Pontiac, Illinois,
10:59 AM

Decoding ankle injury terms


Key takeaways:

  • Sprain, strain, fracture and break are different ways to describe an ankle injury. Each has its own treatment under the guidance of a health care provider.
  • If you suffer an ankle injury, get off your feet right away and see a provider.
Ankle injury

Basketball season is in full swing, and with it comes the possibility of ankle injuries. You’ll hear doctors and television commentators rattle off different ways to describe an ankle injury. Sprain, strain, fracture and break are common ones. Marc Leonard, MD, an OSF HealthCare podiatrist, says it’s important to know what these conditions mean and how to treat and prevent them.

The good news: you don’t need to memorize four definitions.

Sprains and strains

Dr. Leonard says a sprain and a strain generally describe the same thing: when a ligament or tendon is torn or weakened.

“Maybe it’s a basketball player who twists their ankle,” Dr. Leonard suggests. “It gets a little swollen and bruised. We’re able to treat that conservatively with the acronym RICE. Rest, ice, compression and elevation.”

Fractures and breaks

Dr. Leonard says an ankle fracture and an ankle break also generally describe the same thing: a crack in a bone. He often sees this in older adults who have fallen down the stairs or on the ice.

“If there are breaks in multiple bones and we consider it an unstable ankle, then we would fix it surgically,” Dr. Leonard says. “The process is surgery, then maybe physical therapy and perhaps a brace.”

Dr. Leonard says surgery patients usually go home the same day. A doctor will use screws, staples or both to stabilize the ankle. The person then needs to rest and not put weight on the ankle for six to eight weeks.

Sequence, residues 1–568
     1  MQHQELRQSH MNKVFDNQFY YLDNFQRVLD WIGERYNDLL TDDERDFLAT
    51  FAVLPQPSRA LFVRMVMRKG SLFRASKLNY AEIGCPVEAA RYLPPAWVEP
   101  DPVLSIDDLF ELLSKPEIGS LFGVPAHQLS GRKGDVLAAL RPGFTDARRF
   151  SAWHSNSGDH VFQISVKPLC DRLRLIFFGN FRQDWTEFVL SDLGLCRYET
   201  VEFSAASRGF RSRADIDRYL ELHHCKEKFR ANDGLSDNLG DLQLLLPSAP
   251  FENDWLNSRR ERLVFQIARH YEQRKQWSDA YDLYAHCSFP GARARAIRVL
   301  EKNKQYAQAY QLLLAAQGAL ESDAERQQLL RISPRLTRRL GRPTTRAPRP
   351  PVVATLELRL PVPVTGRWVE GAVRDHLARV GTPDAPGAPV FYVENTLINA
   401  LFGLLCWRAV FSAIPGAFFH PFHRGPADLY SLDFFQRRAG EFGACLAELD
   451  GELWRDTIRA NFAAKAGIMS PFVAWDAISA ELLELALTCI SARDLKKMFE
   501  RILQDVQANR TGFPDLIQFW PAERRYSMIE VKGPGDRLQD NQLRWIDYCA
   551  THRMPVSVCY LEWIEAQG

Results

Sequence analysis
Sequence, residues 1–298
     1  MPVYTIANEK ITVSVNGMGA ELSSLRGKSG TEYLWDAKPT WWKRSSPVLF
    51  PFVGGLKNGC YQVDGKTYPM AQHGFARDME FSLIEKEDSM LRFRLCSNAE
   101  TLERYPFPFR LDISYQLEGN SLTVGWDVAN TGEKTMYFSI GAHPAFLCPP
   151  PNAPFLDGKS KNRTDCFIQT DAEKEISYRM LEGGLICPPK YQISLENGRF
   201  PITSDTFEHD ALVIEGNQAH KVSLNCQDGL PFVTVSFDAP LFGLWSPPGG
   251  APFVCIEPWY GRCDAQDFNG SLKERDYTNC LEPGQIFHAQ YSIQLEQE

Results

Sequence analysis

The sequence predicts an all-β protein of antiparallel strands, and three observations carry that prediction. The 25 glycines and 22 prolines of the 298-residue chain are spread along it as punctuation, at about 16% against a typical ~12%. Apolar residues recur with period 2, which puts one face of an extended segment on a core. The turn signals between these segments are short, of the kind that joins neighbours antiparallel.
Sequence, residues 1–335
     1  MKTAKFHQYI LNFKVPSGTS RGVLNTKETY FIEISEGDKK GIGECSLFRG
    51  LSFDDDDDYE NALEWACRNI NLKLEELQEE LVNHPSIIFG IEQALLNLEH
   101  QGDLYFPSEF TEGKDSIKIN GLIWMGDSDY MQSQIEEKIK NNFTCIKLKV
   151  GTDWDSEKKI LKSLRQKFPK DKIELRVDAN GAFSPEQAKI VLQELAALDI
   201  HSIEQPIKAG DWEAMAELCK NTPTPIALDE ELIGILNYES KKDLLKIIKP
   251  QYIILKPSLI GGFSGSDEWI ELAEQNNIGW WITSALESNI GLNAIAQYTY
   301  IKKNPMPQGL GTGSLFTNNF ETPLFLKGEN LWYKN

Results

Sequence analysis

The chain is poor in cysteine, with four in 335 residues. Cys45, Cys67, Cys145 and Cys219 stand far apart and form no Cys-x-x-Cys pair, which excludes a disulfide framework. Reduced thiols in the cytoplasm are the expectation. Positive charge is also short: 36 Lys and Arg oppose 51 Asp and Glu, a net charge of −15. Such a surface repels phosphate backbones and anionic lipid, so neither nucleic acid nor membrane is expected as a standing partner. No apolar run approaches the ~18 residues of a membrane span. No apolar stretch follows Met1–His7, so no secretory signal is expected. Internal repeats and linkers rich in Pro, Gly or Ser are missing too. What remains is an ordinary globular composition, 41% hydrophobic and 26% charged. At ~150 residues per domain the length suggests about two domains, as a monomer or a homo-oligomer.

Treatment and prevention

Amid basketball season, here’s the take-home advice for when someone suffers an ankle injury: get them off their feet.

“We would advise them to be non-weight bearing. They would use crutches until they can get an X-ray. Then we can decide whether protecting the ankle, physical therapy or surgery may be appropriate,” Dr. Leonard says.

Prevention, Dr. Leonard says, is tough, due to all the movement that comes with sports or just a jog around the block. He advises to just be sensible with your movements. If you know your body can’t handle a cutting motion that comes with running a basketball play, don’t do it. Or, when you’re walking, go slow and watch for ice. And when you do get hurt, get care quickly. Don’t play through the pain.

Dr. Leonard also says that some people with a history of ankle problems may wear a brace during any physical activity, not just when recovering from an injury. But for others, he says a brace isn’t necessary.

“Play with a purpose. Be intentional. And hope for the best,” Dr. Leonard says matter-of-factly.

Learn more

Read more about keeping your body in top shape this winter on the OSF HealthCare website.

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